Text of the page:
clock menu more-arrow no yes mobile

Filed under:

Rivalry Sweep? Re-Previewing Stanford

Washington visits UCLA at 11:00 am on CBS. Use this as your open 'agonize about things Cal has no control of' thread.

So, will this game be for approximately half of the marbles? Or will it be for a smaller amount of marbles – say, the difference between a 9 seed and a 10 seed? While we’re on the topic, what exactly is the marble-to-NCAA-seed exchange rate these days?

Washington’s victory over USC means that the best the Bears can do is earn a share of the Pac-12 title. That and a 14-4 conference record is nothing to sneeze at. I’ve said it before, but in December and January I fully believed a 14-4 record would easily be good enough for an outright Pac-12 title, and it would have earned at least a share of the title each of the last three years.

But even if the Huskies beat UCLA today Cal still has reasons to win. The Bears aren’t in a position to take any chances with the NCAA tournament, for one. But just as importantly, this game is about pride. Sweeping Stanford is always sweet, but a win would also represent a 6-0 record against our intra-state rivals.

Stanford comes into today’s game struggling. The Cardinal have lost 7 of their last 11, with only one win coming against a team higher than 9th in the Pac-12 standings. That one win, of course, was the bizarrely easy win over Colorado on the road. If that result makes you feel nervous, it might calm you to remember that Stanford followed up that win with a loss to Utah.

Most of what I said when I previewed Stanford last time is still true. Stanford is still a balanced offense, Josh Owens is still their best player, and they still have a bevy of post depth without much in terms of marquee post talent. In their eight games since losing to Cal in Berkeley, Stanford has actually become more imbalanced – even better on defense and worse on offense. When Stanford is winning they hold Colorado to 50 points. When they lose they only manage 43 points against Arizona.


Chasson Randle, 6’1’’ freshman guard
Aaron Bright, 5’11’ sophomore guard
Josh Owens, 6’8’’ senior forward
Dwight Powell, 6’9’’ sophomore forward
Anthony Brown, 6’6’’ sophomore guard/forward
Jarrett Mann, 6’4’’ senior guard
Andrew Zimmerman, 6’8’’ senior forward
John Gage, 6’9’’ senior forward
Josh Huestis, 6’7’’ sophomore forward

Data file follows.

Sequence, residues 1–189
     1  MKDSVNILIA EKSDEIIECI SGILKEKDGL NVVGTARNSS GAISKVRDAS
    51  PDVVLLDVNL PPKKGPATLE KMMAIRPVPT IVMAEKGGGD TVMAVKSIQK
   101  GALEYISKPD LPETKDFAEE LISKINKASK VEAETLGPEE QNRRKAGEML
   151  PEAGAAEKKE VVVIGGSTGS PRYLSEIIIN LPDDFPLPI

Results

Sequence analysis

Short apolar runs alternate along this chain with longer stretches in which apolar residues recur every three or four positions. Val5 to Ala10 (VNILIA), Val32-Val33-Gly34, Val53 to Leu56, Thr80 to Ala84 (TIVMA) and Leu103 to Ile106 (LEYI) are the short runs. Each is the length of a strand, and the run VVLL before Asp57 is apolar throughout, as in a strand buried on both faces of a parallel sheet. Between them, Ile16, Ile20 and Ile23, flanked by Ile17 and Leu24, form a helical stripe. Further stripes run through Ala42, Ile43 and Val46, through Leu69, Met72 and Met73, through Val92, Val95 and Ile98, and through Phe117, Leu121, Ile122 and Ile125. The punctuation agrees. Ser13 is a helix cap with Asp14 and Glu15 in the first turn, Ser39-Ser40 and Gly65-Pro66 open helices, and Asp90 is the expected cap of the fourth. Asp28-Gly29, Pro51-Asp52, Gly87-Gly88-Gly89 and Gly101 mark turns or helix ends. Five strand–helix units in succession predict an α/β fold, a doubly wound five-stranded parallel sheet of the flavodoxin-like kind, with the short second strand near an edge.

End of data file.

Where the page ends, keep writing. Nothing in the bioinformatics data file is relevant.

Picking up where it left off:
I only listed the first 9 players by minutes played, but it’s also worth mentioned Jack Trotter and Stefan Nastic. It’s pretty weird to have a team with 11 players that get non-garbage time minutes and 10 players that have started multiple games. Nastic is particularly worth mentioning because he scored 11 points in 19 minutes to lead the Cardinal in scoring against Cal at Haas. I don’t know what it says about a team when a guy averaging less than 7 minutes a game leads you in scoring against your rival, but it’s probably not good.

There isn’t much I would change about Cal’s defensive effort against Stanford, other than perhaps not sending Stanford to the line as often. But even if Cal makes that mistake again, Stanford is ill-equipped to punish the Bears because they are 290th in the nation in free throw percentage.

What I want to see Cal do again is what they did a good job of in Berkeley – lock up Aaron Bright and Chasson Randle on the perimeter. The duo are both excellent 3 point shooters . . . so much so that they both shoot better from 3 than from inside the arc. Colorado let them get open and they combined for 6 threes. Against Cal they only attempted 5. Don’t let them get shots off from deep and trust your help defense, because neither are good finishers inside.

Tempo-Free Preview

Kenpom sez: Cal 64, Stanford 63, 54% confidence


Cal Rank

Stan Rank


Cal eFG% vs. Stan Def eFG%




Cal Def eFG% vs. Stan eFG%




Cal TO% vs. Stan Def TO%




Cal Def TO% vs. Stan TO%




Cal OReb% vs. Stan DReb%




Cal DReb% vs. Stan OReb%




Cal FTR vs. Stan Opp FTR




Cal Opp FTR vs. Stan FTR




Cal AdjO vs. Stan AdjD




Cal AdjD vs. Stan AdjO




Generally speaking, Cal is slightly better almost across the board, but Stanford's defense is good enough to keep me worried. Still, there's not much to suggest that Stanford's 9th-best-in-the-conference offense should be able to break down Cal's defense, which is why I'm more optimistic about Cal's chances than the Kenpom numbers - which don't take into account how it appears that Stanford played their best basketball of the season back in 2011.

Perhaps the most impressive part of Cal’s win over Stanford was their success on the glass. Stanford, for all their faults, are an excellent rebounding team. But the Cardinal managed just 4 offensive rebounds and Cal finished +10 on the boards for the day. Stanford usually won’t shoot the ball well enough to win games without 2nd chance points. If Cal can replicate that kind of success they will stand a great chance of finishing off the sweep.

Hopefully a demoralized Stanford fanbase decides they have better things to do on a Sunday night and operation Occupy Maples is a success. Go Bears and . . . ugh . . . go Bruins.